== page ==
We hear much about how you need to train your eye to find sheds. Look into it – proven science will tell you if you’re looking for sheds your eyes work just fine, after all, we know what antlers look like don’t we? Put it this way, if you can’t see your hand in front of you, you probably won’t see a shed, but if your vision is clear, you can see a shed if your eyes land on it.

It is, however, your subconscious that can be your worst enemy. If you go out walking for miles and miles with your eyes sweeping the ground wildly trying to cover as much ground as possible in as little time as can so you can cover more ground, then slow down. I learned long ago the longer you go without finding a shed the wilder your eyes can begin to scan and so goes the sick cycle carousel.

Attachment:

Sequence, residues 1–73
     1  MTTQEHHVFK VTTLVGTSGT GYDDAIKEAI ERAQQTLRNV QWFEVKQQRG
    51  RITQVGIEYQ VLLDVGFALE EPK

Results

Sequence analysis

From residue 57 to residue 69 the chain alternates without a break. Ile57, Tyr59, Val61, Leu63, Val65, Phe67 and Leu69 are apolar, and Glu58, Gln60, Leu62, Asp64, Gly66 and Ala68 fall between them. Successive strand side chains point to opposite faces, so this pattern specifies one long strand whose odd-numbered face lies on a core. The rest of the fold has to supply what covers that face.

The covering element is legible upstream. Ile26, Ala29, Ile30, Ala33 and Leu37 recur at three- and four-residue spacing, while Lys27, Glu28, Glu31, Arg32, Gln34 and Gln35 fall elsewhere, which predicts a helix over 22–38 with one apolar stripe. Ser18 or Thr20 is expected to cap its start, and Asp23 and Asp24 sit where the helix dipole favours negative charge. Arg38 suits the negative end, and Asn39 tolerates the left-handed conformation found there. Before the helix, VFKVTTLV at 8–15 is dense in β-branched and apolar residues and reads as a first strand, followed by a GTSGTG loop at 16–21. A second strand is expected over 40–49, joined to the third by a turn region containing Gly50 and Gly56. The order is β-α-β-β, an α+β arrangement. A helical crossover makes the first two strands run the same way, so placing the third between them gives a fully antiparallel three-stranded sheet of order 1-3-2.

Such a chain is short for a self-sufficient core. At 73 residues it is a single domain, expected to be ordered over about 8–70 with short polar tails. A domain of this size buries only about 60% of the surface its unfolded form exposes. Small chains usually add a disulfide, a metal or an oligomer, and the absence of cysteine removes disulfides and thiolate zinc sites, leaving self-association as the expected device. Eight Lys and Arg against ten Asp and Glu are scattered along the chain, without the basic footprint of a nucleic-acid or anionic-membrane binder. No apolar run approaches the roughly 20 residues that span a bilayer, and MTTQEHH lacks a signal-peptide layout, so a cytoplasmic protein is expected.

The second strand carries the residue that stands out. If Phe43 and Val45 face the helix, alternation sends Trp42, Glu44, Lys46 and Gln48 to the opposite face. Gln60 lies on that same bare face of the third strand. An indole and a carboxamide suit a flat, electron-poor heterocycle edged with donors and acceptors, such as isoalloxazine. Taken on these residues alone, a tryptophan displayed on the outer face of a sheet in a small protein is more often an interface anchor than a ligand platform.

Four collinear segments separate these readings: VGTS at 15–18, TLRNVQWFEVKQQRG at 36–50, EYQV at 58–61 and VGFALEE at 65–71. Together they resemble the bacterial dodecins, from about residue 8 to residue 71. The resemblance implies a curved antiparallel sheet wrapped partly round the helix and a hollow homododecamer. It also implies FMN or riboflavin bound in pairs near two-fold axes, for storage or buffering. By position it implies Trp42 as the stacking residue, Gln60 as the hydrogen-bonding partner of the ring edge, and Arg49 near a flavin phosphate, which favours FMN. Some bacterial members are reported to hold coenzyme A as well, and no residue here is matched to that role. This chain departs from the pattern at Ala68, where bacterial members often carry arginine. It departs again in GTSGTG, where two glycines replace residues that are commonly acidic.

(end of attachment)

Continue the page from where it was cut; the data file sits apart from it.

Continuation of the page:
Slow down, keep your head clear and give your mind enough time to process everything that you are seeing on the ground (sometimes in bushes or trees). To keep your head clear you need to erase all of the pictures in your head of what you are expecting to find, how you envision it lying and where you foresee it happening. Trust me it is not easy to do.

The longer your hunts last coming up empty handed, overall the harder this can be.  If you have no expectations of what, where and how they are lying all you need to do is look at the ground, let your brain sort through what your eyes are seeing. You’ll notice antlers are much easier to spot when you have no pictures painted in your head. 

Admittedly, after finding literally hundreds of sheds over the years I still struggle with my own advice and it’s in those moments of mental weakness that I end up stepping on them or finding the ones I walked past on the way in as I make my way back to the truck.